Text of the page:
Mixing My Cake Batter ??? ...

Decorating By Mikel79 Updated 5 Mar 2010 , 11:12am by Mikel79

Mikel79 Posted 4 Mar 2010 , 7:19pm
post #1 of 13

This is probably stupid, but let me ask it anyway. I use the WASC recipe from this site. Should I mix each ingredient at the lowest speed until mixed thoroughly and when ALL ingredients are mixed go ahead and do the 2 minute medium speed????

Or, should I dump in all the ingredients and mix together?? That is ALOT of batter, and this is why I was mixing each one at a time. However, I have been getting HUG humps in my cakes, thinking this may be why??

What do you think??



I bake at 325, use a therm. to check temp. Use flower nails as heating cores and use bake even strips.....still having the humps.....

12 replies
2SchnauzerLady Posted 4 Mar 2010 , 7:27pm
post #2 of 13

I dump all the wet ingredients together and mix, mix the dry stuff separately, then add the dry to the wet, mixing slowly until all the dry is moistened and then do my 2 minutes. HTH.

ThreeDGirlie Posted 4 Mar 2010 , 7:32pm
post #3 of 13

What temp do you bake at? And have you checked your oven with a thermometer t make SURE that whay you set it for is what you're getting? I think that's probably the cause of your cake humps.

As for mixing. dump it all in and then mix it. I find that with my mixer it helps to sift my dry ingredients into a large bowl and put the wet ingredients in the mixing bowl FIRST. Then dump the dry ingredients on top and mix. Otherwise, I end up with a little dry mix at the bottom that isn't incorporated...

Mikel79 Posted 4 Mar 2010 , 7:39pm
post #4 of 13

I am baking my cakes at 325 degrees. I have a oven therm. that STAYS inside the oven to make sure it is staying at 325.

I am baking a sheet cake that is about 11 x15. It takes me about 1 hour.......


monet1895 Posted 4 Mar 2010 , 7:40pm
post #5 of 13

Ditto to the above.

2SchnauzerLady Posted 4 Mar 2010 , 7:45pm
post #6 of 13

The other thing you could try is to use the bake even strips - they help make the top a little more even. And with larger cakes, I use the flower nail in the center. My domes are much smaller since I started using these methods.

Mikel79 Posted 4 Mar 2010 , 7:49pm
post #7 of 13

I also use the flower nails. The even strips, will not wrap around my sheet cake pan tightly, very loose??? Because of the rectangle shape, I think?? This is why I am thinking it might be my mixing????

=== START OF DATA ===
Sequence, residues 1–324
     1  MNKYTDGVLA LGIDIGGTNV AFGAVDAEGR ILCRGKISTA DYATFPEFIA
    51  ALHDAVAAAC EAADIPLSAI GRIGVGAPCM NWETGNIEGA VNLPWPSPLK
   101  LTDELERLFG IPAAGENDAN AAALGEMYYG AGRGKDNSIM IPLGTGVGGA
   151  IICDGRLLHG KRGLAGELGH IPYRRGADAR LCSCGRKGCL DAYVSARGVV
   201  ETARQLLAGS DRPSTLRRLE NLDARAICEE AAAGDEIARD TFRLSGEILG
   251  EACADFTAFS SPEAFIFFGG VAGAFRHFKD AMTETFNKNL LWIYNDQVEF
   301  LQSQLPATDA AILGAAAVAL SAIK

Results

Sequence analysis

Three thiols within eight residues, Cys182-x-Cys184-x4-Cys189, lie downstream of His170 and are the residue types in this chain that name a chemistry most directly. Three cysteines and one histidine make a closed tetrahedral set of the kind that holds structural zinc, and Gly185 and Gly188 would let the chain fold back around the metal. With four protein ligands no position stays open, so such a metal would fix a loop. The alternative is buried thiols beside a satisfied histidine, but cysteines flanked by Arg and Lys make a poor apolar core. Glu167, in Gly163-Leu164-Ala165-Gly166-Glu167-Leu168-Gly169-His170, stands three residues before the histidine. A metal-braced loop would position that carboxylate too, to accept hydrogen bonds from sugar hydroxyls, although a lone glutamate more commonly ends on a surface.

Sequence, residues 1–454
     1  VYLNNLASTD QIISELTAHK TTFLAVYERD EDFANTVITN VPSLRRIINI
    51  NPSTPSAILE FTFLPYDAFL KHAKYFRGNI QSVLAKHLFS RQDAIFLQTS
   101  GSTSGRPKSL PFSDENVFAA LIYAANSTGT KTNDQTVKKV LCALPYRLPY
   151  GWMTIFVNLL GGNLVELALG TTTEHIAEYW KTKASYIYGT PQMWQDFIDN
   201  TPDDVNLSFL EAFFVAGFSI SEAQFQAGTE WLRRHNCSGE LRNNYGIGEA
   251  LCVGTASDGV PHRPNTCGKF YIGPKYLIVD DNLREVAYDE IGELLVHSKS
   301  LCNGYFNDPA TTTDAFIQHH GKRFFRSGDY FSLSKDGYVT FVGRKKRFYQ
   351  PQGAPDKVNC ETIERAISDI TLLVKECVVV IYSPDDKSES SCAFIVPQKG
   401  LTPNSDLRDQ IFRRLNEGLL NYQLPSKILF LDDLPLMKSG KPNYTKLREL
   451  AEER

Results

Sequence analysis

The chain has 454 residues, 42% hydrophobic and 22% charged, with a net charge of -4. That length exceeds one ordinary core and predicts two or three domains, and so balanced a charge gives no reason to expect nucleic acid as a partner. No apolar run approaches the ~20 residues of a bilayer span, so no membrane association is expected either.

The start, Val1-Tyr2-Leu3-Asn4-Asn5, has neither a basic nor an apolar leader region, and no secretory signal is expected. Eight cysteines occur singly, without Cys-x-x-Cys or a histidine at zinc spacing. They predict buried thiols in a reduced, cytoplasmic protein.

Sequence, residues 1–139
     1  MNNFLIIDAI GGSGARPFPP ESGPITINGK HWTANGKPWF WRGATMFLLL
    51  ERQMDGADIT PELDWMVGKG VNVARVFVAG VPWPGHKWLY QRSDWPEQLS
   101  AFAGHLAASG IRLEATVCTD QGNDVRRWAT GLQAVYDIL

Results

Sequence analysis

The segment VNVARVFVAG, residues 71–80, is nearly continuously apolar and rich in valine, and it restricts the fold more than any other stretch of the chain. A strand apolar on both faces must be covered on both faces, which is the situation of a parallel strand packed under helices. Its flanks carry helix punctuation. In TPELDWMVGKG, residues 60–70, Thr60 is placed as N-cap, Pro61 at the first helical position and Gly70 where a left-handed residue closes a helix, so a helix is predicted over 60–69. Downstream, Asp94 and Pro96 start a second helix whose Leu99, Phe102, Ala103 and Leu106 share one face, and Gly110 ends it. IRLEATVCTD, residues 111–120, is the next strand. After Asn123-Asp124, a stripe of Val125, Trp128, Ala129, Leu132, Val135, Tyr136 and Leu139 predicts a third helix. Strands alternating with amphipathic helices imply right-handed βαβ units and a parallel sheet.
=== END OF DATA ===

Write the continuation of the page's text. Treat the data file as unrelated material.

Mikel79 Posted 4 Mar 2010 , 8:52pm
post #8 of 13

Thank you folks!

I am going to try and mix the batter as descriped above....

Ren715 Posted 5 Mar 2010 , 4:03am
post #9 of 13

I started using the bake even strips and my cakes look beautiful. I recently read about the flower nail method and tried it in my last cake without the bake even strips. It was a disaster. My cake tops had bumps all over them. Don't know why it happened but I'm afraid to use the nails again.

monet1895 Posted 5 Mar 2010 , 4:10am
post #10 of 13

For those using bake even strips, what kind are you using?

Jeep_girl816 Posted 5 Mar 2010 , 5:06am
post #11 of 13

I mix all my dry stuff first, sift everything, well I put a large metal mesh strainer over a bowl dump all my dry into it and stir either with a wooden spoon or a whisk, basically pushing everything through the mesh to sift it, then I add my eggs, then the rest of my wet ingredients then mix it all together. The only issue I ever have with that order is sometimes the eggs get caught up in the beaters and wrap around and take a bit to come loose, but my cakes usually turn out ok, as long as I keep the oven door shut until they're almost done.

Rose_N_Crantz Posted 5 Mar 2010 , 5:21am
post #12 of 13

I've done both methods. Add by ingredient, and also just dump it all into one bowl and mix it by hand. I've had the same results each time. I get humps too.

But I don't use bake even strips. I just use flower nails. I don't like having very many single use utensils in my kitchen. (Guess which food network star I never miss???)

Mikel79 Posted 5 Mar 2010 , 11:12am
post #13 of 13

Thank you

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